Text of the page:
New legal analysis by EDO lawyers raises serious questions about gas giant Woodside Petroleum Ltd’s climate-related risk disclosure.
The latest report from our new corporate and commercial law team, commissioned by the Conservation Council of Western Australia, suggests Woodside is exposed to a number of climate-related risks that have not been specifically and comprehensively disclosed in accordance with industry best practice.
Read the full report, Woodside’s disclosure of climate-related risks, here.
Disclosure of climate risks is critical to investors being able to assess the viability of their investment, and their financial and reputational exposure.
A lack of information leaves companies and investors vulnerable to major losses.
An example of Woodside’s climate-related risks is that its carbon-intensive gas projects becoming stranded assets as countries strive to achieve the Paris Agreement’s goal of limiting global average temperature increase to 1.5°C or well below 2°C above pre-industrial levels.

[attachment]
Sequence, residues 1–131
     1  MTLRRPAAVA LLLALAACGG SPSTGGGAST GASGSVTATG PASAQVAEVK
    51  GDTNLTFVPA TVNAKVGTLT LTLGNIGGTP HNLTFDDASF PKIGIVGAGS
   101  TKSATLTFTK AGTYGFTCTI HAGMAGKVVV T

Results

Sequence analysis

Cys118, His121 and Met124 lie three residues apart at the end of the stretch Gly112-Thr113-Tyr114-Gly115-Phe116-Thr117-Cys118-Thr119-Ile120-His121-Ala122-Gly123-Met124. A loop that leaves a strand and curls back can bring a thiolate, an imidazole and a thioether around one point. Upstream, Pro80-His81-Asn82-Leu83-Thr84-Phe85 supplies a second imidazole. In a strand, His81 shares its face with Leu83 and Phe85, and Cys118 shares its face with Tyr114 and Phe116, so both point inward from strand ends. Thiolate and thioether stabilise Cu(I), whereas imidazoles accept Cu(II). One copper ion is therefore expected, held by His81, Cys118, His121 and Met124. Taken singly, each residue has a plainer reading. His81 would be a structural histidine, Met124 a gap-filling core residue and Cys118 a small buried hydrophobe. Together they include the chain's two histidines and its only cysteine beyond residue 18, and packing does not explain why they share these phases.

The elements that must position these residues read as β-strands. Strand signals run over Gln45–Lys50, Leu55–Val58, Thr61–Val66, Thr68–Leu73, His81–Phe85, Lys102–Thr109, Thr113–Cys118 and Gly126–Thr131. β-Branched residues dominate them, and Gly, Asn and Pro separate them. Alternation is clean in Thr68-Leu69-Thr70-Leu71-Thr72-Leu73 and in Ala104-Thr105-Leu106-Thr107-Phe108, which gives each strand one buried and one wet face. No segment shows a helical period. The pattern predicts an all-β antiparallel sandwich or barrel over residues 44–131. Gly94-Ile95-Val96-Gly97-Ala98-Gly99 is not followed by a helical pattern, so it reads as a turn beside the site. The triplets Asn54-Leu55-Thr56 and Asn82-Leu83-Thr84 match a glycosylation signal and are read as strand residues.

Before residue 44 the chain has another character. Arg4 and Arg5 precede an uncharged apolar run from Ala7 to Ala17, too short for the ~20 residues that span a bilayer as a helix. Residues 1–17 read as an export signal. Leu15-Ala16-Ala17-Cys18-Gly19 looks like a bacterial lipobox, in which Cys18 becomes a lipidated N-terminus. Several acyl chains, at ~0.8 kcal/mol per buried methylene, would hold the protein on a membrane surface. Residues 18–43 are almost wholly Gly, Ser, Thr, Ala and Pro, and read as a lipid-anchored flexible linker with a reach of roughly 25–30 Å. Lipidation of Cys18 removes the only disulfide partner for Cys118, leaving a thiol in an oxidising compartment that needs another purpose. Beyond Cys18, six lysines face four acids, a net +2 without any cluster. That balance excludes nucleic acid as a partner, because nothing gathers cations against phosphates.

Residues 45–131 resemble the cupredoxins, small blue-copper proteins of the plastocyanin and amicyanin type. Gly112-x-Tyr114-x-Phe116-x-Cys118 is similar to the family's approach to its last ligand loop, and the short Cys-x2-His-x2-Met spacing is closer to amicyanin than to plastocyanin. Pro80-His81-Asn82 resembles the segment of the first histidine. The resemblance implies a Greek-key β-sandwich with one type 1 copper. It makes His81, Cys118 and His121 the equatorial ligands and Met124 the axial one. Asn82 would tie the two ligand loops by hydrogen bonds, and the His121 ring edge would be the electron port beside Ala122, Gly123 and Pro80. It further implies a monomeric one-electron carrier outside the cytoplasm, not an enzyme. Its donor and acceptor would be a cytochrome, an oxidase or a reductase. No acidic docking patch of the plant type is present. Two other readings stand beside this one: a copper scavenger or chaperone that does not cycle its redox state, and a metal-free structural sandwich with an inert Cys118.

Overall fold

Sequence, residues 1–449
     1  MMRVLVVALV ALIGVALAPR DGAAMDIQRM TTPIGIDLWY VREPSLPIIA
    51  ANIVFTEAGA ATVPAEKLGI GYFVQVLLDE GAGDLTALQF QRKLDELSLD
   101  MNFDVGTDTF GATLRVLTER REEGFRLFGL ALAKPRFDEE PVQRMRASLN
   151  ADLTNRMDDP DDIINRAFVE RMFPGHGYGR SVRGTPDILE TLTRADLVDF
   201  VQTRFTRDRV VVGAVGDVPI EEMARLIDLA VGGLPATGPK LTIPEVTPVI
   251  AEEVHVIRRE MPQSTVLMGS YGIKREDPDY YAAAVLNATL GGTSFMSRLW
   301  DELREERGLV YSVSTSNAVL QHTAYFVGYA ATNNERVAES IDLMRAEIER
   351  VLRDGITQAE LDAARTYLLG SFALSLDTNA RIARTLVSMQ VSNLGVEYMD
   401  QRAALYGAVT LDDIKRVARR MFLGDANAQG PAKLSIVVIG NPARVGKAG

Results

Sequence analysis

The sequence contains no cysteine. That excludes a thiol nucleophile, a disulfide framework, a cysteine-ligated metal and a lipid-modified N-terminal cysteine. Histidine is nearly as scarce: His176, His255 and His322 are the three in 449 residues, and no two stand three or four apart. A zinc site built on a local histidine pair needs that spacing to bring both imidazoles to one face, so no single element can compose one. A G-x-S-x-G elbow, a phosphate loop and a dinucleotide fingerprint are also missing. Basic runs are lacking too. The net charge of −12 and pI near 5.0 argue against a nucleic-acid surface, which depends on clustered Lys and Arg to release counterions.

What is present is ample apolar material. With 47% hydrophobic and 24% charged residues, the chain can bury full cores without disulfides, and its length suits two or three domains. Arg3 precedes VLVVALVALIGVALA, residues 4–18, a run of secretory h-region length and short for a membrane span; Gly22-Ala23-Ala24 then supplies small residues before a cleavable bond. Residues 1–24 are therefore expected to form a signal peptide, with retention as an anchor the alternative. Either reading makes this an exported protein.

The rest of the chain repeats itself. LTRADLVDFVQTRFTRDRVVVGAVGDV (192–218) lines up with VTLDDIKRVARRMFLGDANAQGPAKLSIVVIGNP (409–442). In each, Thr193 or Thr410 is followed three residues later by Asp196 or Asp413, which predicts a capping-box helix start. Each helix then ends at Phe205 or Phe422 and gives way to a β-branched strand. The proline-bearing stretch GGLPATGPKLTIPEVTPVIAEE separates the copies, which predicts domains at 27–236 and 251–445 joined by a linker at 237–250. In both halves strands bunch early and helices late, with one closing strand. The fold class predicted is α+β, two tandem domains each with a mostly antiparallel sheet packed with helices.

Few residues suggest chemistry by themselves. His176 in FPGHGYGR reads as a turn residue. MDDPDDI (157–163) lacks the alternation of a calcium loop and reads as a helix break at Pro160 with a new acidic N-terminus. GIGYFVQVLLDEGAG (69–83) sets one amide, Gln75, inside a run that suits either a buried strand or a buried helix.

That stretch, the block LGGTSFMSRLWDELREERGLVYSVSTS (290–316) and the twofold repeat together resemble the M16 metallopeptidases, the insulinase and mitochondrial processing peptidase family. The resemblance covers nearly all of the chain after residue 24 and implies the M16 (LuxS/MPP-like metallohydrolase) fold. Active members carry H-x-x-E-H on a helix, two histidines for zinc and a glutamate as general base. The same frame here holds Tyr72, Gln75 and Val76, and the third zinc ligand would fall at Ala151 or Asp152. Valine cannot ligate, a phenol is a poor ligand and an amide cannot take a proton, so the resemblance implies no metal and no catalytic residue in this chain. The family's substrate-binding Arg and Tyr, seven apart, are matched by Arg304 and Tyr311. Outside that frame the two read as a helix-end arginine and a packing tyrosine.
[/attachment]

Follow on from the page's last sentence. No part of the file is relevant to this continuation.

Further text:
As detailed in the report, Woodside’s ‘Burrup Hub’ projects are prime candidates for becoming stranded assets during their expected lifetime. If they become operational, these projects would be Australia’s largest greenhouse gas (GHG) pollution source.1 This makes them particularly vulnerable to carbon pricing mechanisms and growing market concern about the sustainability of GHG-intensive processes and products. However, in our view, Woodside’s disclosure of this risk is currently not specific and complete.
Woodside has foreshadowed that its 2020 Annual Report and related financial reporting will contain further disclosure of its climate-related risks. These are scheduled for release on Thursday, 18 February 2021. We and our client will be watching with interest.
Find out more on our new, expert corporate law team here.
1 Urgewald, Five Years Lost: How Finance is Blowing the Paris Carbon Budget (Report, December 2020) 54.
Join the EDO network today to help give the environment the defence it deserves.Take Action